The NEP also did not talk about using updated content and relevant resources. It mentioned the use of translated resources (discussed further ahead in the language section), looking away from rote based learning but not using updated content. Such drawbacks are greatly felt in subjects such as accountancy and computers where decades old programs (where am I expected to learn 1992 C++?) and theories that no longer apply are taught and assessed only to have to unlearn all of it in university. This trend of having to ‘unlearn’ high-school content in university because of its outdated nature is prevalent in most subjects.

Another point to be noted is the concept of ‘Advanced Standing Credit Transfer‘ offered by universities. If a student has scored good in any relevant university subjects during high-school, they’re permitted to skip taking it in university hence be granted credits in their first year itself. The fact that universities do not consider Indian Central and State Board subjects eligible for this system regardless of ones score further calls for a need to update our content.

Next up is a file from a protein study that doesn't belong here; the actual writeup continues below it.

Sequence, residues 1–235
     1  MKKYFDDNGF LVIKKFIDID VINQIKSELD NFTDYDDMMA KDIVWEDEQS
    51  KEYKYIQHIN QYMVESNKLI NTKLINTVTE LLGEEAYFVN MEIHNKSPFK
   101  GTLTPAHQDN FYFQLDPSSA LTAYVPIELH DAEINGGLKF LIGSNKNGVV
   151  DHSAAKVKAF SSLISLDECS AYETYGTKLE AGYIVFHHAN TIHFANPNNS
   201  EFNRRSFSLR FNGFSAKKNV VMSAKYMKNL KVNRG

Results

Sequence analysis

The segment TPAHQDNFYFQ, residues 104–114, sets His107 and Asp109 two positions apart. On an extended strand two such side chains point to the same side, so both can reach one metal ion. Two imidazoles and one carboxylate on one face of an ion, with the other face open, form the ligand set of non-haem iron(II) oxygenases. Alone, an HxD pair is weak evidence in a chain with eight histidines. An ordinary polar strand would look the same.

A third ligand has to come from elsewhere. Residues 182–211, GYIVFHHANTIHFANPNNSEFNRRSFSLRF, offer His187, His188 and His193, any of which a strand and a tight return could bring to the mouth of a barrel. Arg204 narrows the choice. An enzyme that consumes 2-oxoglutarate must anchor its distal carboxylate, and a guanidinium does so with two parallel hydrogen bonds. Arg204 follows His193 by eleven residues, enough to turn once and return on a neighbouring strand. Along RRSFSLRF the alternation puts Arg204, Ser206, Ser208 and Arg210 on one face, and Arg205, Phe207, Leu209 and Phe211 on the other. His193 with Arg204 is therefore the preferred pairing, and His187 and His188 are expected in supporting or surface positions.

Academic Writing and Research Skills Remain Unaddressed

Apart from focusing literature and culture- academic writing and research styles should also have been given importance. Subjects such as history and politics should teach such skills more than focusing on giving mere information so students can know better how to look from multiple perspectives, verify sources and write essays effectively. This problem is assessed in higher education but with an enrolment ratio of under 30% (within India), perhaps it is something that would be beneficial if introduced in high school.

Failure in Effectively Addressing Mental Health and Sex Education

Higher education and high school education fail to address mental health challenges as well as the need for sex education in an overpopulated and challenging India. Indian mentalities towards both topics remain a taboo and the aftermath of the unfortunate demise of Sushant Singh serve as proof for the former and population explosion and STDs for the latter.

Implementation and General Policy Concerns

”all State/UT governments will immediately prepare an implementation plan for attaining universal foundational literacy and numeracy in all primary and middle schools, identifying stage-wise targets and goals to be achieved by 2025,”

-Clause 2.2 of the NEP 2020

What is foundational literacy and numeracy? It is associated to the skills that enable a child to correctly and smoothly read the words on the page, including phonemic awareness, the alphabetic principle, phonics, spelling, and fluency. Numeracy is its mathematical (arithmetic) equivalent.

“If action is not taken soon, over the next few years, then we could lose 10 crores or more students from the learning system to illiteracy.”

-Clause 2.1 of the NEP 2020